Pound Charges To 5 Week High Versus Euro On Brexit Optimism

Brexit optimism boosted the pound versus the euro on Monday. Sterling rallied over 0.6% against the common currency on the first day of the trading week, which was also very light on economic data for both sides. The exchange rate hit a high of €1.1422, which is the strongest level that the pound has traded at versus the euro in five weeks.

What do these figures mean?

When measuring the value of a pair of currencies, one set equals 1 unit and the other shows the current equivalent. As the market moves, the amount will vary from minute to minute.

For example, it could be written: 1 GBP = 1.13990 EUR

Here, £1 is equivalent to approximately €1.14. This specifically measures the pound’s worth against the euro. If the euro amount increases in this pairing, it’s positive for the pound.

Or, if you were looking at it the other way around: 1 EUR = 0.87271 GBP

In this example, €1 is equivalent to approximately £0.87. This measures the euro’s worth versus the British pound. If the sterling number gets larger, it’s good news for the euro.

There were no new economic data releases driving the pound higher in the previous session. Optimism surrounding Brexit was the principal factor pushing the pound higher, as market participants become increasingly hopeful that the UK will secure a good transitional deal and potentially a better Brexit deal than had initially been thought. A transitional period will make a softer Brexit more likely, which is favourable for the pound, however there has been very little mentioned regarding a transitional period since the Brexit Bill was agreed before Christmas.

Why is a “soft” Brexit better for sterling than a “hard” Brexit?
A soft Brexit implies anything less than UK’s complete withdrawal from the EU. For example, it could mean the UK retains some form of membership to the European Union single market in exchange for some free movement of people, i.e. immigration. This is considered more positive than a “hard” Brexit, which is a full severance from the EU. The reason “soft” is considered more pound-friendly is because the economic impact would be lower. If there is less negative impact on the economy, foreign investors will continue to invest in the UK. As investment requires local currency, this increased demand for the pound then boosts its value.

High impacting U.K. data is once again in short supply today, before the calendar starts to fill up towards the end of the week. Market participants are expected to look towards the U.K. trade balance, which could provide some volatility for the pound. Analysts are forecasting a reduction in public sector net borrowing deficit. Other data today includes a report from the Confederation of British Industry, which analysts believe will show a decline in industrial orders.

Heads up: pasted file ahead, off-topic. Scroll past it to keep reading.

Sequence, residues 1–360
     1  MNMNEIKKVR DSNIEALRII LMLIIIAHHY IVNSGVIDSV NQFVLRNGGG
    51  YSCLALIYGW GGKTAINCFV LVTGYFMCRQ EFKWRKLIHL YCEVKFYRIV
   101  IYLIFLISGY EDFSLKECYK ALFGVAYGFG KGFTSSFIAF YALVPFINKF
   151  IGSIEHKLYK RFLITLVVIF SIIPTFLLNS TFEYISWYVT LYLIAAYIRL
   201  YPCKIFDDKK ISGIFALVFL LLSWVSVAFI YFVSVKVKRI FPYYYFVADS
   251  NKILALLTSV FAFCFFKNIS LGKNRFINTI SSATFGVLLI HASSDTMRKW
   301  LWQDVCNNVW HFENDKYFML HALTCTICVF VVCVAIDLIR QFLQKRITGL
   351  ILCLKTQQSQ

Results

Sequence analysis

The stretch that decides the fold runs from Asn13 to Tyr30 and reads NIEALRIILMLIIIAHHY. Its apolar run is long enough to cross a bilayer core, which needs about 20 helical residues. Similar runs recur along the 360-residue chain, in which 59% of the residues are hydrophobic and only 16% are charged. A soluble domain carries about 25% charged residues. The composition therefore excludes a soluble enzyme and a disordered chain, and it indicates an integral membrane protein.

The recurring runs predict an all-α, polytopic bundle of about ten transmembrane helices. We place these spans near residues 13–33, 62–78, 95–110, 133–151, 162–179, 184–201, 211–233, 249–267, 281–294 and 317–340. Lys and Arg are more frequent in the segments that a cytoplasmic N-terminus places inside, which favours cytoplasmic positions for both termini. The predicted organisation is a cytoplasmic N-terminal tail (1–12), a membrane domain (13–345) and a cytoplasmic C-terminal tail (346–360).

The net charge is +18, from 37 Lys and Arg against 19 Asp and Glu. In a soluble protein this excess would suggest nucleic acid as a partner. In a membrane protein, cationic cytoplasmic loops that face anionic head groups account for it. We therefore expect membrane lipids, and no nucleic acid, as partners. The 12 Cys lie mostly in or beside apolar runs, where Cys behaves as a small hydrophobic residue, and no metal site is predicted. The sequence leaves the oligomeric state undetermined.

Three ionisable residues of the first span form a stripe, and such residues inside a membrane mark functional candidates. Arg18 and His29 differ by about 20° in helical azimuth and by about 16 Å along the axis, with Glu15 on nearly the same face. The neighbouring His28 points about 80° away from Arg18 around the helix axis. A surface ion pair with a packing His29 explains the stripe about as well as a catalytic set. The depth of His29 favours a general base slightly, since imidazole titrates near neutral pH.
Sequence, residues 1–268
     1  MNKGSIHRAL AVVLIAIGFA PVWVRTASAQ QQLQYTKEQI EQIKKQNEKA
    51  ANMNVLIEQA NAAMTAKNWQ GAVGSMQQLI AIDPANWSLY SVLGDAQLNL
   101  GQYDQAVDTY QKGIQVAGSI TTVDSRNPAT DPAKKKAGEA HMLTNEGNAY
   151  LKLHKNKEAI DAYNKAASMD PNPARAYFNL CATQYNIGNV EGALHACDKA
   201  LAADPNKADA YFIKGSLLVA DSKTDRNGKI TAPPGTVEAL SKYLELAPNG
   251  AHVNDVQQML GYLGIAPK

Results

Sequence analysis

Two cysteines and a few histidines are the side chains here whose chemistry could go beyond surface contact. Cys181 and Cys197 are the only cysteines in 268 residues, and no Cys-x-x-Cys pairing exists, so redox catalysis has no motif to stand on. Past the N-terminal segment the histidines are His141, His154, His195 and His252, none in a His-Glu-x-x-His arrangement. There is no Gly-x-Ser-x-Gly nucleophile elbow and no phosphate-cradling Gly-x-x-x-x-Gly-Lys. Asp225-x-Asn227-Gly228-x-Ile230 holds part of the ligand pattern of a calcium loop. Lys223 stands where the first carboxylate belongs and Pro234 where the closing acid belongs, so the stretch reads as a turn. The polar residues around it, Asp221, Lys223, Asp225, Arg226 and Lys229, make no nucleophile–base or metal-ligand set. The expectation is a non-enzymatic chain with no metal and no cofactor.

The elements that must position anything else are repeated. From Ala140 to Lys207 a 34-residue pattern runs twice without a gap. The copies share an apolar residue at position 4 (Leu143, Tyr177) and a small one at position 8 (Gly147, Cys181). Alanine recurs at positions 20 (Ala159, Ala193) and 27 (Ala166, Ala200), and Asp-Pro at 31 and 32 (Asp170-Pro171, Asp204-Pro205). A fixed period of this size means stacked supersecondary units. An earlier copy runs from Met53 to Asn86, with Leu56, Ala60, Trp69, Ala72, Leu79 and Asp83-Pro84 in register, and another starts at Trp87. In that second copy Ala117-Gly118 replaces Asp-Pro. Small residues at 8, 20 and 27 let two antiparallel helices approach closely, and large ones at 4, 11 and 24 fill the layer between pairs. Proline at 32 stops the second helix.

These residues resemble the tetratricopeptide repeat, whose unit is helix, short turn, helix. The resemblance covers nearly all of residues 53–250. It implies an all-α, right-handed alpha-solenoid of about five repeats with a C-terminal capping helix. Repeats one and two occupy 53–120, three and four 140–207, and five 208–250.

Eurozone Sentiment Data in Focus

The euro continued to reap the benefits of political developments in Germany, over the weekend. The SPD socialist party agreed to formally enter coalition talks with with Angela Merkel’s Conservative CDU party, opening the route to a grand coalition. However, the divide in the SPD party was clear with 362 voting in favour of coalition talks and 279 voting against. This highlights the potential difficulties that the upcoming discussions will face.

The eurozone has a very busy week as far as economic releases are concerned. Today investors will be focusing on sentiment indicators with ZEW sentiment surveys due from Germany and the eurozone, in addition to eurozone consumer confidence data.

Current estimates point to increasing confidence in the eurozone, in addition to increased positivity regarding the German economy. Should the data come in even stronger than forecasts, the euro could climb higher versus the pound.

Why does strong economic data boost a country’s currency?
Solid economic indicators point to a strong economy. Strong economies have strong currencies because institutions look to invest in countries where growth prospects are high. These institutions require local currency to invest in the country, thus increasing demand and pushing up the money’s worth. So, when a country or region has good economic news, the value of the currency tends to rise.

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